Murders often go unsolved. Only one in five killings were cleared in 2020, according to the Central Statistical Office of St. Lucia. The Royal Saint Lucia Police Force (RSLPF) has been criticized for its low murder clearance rate, and public complaints have been made about the absence or reduction of on-duty officers.

St. Lucia is not alone in the region in its struggles with rising violence. In the Caribbean, Jamaica, Trinidad and Tobago and Barbados have seen gun violence and homicides increase in the past years.

share icon icon icon

Was this content helpful?

We want to sustain Latin America’s largest organized crime database, but in order to do so, we need resources.

DONATE

What are your thoughts? Click here to send InSight Crime your comments.

We encourage readers to copy and distribute our work for non-commercial purposes, with attribution to InSight Crime in the byline and links to the original at both the top and bottom of the article. Check the Creative Commons website for more details of how to share our work, and please send us an email if you use an article.

Was this content helpful?

We want to sustain Latin America’s largest organized crime database, but in order to do so, we need resources.

DONATE

Related Content

ARMS TRAFFICKING / 8 JUL 2022

Haiti’s Customs Agency has seized an extremely large quantity of illegally imported ammunition.

ARMS TRAFFICKING / 21 SEP 2022

Trinidad and Tobago's homicide rate has past 400 for the year and authorities appear unable to stop it.

BARRIO 18 / 28 MAR 2022

A killing spree unlike anything seen since El Salvador’s civil war has delivered a macabre message from the country’s street…

About InSight Crime

THE ORGANIZATION

‘Ndrangheta Investigation, Exclusive Interview With Suriname President Make Waves

2 DEC 2022

Two weeks ago, InSight Crime published an investigation into how Italian mafia clan the ‘Ndrangheta built a cocaine trafficking network from South America to ‘Ndrangheta-controlled Italian ports. The investigation generated…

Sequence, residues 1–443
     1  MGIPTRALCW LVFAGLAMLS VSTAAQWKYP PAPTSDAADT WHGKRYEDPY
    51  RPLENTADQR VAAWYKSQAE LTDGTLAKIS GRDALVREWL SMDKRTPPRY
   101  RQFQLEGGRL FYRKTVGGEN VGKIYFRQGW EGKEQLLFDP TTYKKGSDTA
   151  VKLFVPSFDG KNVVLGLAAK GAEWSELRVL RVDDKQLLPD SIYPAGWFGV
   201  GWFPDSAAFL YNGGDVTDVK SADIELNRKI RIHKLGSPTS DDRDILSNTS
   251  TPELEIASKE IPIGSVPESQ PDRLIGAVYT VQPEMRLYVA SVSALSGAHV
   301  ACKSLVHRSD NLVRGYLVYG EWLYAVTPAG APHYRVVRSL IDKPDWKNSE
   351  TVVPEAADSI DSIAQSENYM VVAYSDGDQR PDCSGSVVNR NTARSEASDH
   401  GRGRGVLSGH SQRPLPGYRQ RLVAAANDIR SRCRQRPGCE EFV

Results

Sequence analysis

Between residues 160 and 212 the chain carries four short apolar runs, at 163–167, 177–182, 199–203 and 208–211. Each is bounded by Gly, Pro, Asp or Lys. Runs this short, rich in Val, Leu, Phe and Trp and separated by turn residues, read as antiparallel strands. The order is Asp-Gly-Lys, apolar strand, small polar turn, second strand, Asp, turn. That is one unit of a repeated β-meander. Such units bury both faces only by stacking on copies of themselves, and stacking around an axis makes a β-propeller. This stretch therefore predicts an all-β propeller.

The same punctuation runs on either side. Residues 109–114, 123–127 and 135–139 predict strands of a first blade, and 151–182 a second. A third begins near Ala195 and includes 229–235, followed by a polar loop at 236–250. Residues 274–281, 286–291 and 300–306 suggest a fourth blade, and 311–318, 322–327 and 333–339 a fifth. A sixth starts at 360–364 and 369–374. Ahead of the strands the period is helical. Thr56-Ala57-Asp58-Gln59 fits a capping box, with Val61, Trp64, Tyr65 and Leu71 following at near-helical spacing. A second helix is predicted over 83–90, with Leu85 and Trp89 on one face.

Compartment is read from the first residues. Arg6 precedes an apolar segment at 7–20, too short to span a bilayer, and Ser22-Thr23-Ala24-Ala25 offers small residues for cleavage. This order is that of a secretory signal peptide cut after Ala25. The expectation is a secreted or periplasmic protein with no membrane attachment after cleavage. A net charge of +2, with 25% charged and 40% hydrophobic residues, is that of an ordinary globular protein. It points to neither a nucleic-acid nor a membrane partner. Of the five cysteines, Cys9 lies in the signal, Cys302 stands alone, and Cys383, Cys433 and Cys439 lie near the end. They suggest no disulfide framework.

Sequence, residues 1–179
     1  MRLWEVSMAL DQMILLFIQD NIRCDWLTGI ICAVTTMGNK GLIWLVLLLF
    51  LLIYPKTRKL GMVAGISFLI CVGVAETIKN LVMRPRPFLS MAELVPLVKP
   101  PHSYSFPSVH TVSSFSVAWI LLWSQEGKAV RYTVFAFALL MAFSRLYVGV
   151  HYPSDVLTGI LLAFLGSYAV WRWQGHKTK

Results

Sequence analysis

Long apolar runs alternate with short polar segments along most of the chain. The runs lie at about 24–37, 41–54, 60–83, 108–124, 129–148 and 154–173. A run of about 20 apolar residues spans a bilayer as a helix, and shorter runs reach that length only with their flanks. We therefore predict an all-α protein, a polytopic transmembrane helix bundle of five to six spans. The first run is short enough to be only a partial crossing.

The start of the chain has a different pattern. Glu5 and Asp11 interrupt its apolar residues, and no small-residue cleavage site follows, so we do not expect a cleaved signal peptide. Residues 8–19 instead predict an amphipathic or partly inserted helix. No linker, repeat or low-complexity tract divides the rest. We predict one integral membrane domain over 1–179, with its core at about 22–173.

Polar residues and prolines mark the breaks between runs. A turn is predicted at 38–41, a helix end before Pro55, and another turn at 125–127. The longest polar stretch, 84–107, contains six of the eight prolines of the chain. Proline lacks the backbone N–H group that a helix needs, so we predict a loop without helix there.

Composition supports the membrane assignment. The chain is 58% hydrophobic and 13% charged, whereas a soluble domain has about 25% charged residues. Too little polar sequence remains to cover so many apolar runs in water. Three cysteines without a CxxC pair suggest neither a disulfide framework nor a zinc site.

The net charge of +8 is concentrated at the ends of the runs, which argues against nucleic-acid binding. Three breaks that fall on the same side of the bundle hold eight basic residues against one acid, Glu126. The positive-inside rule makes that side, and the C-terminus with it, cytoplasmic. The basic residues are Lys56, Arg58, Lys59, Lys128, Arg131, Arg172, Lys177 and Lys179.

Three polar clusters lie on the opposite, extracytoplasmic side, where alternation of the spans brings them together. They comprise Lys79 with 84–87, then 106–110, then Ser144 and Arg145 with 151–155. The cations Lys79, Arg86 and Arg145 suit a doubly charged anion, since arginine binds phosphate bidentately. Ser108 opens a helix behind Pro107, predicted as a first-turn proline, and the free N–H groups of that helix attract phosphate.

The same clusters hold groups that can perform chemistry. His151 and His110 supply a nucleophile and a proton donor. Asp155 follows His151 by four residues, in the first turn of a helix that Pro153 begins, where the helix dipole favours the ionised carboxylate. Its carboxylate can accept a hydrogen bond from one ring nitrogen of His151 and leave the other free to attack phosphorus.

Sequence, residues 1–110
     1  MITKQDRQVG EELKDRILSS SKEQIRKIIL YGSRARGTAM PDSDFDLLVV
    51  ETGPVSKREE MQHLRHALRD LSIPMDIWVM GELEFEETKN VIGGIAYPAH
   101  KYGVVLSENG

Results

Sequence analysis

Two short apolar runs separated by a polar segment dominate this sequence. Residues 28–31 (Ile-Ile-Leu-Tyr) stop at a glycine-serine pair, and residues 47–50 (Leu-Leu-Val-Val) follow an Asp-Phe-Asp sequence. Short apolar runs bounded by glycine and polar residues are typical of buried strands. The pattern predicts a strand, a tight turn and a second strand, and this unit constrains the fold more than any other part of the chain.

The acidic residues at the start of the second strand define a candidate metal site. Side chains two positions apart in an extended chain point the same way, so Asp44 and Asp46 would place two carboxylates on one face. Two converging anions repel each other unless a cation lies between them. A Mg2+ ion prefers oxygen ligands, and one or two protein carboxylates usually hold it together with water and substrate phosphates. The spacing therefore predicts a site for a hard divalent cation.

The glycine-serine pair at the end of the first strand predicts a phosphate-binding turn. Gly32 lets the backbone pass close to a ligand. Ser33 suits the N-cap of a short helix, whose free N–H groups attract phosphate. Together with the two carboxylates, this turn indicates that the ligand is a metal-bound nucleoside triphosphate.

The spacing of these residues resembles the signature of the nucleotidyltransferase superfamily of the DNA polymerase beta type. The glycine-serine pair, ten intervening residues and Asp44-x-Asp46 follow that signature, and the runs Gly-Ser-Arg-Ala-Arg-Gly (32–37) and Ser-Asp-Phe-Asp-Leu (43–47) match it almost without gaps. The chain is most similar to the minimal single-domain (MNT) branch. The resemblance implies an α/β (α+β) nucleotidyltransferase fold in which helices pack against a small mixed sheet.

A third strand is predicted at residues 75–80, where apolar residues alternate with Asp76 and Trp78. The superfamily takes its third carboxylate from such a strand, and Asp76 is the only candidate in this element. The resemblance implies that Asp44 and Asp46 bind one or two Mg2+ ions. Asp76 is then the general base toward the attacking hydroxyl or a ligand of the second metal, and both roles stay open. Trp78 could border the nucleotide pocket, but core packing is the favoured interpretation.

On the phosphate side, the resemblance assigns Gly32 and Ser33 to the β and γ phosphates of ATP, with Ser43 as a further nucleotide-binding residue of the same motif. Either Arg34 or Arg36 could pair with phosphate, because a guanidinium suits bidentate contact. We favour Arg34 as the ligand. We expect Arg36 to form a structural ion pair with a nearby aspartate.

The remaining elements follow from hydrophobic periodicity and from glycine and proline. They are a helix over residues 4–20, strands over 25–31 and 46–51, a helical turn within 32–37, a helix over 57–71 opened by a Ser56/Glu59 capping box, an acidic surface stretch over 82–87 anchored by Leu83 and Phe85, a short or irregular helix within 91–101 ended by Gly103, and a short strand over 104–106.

WORK WITH US

Open Position: Full Stack WordPress Developer

28 NOV 2022

As Full Stack WordPress Developer You Will: Work collaboratively with other developers and designers to maintain and improve organizational standards.Demonstrate a high level of attention to detail, and implement best…

THE ORGANIZATION

Join Us This #GivingTuesday in Exposing Organized Crime

24 NOV 2022

For over twelve years, InSight Crime has contributed to the global dialogue on organized crime and corruption. Our work has provided policymakers, analysts, academics, journalists, and the general public with…

THE ORGANIZATION

Like Crime, Our Coverage Knows No Borders

18 NOV 2022

The nature of global organized crime means that while InSight Crime focuses on Latin America, we also follow criminal dynamics worldwide. InSight Crime investigator Alessandro Ford covers the connections between Latin American and European…

THE ORGANIZATION

Using Data to Expose Crime

11 NOV 2022

Co-director Jeremy McDermott made a virtual presentation at a conference hosted by the United Nations Office on Drugs and Crime (UNODC). The ‘Sixth International Conference on Governance, Crime, and Justice…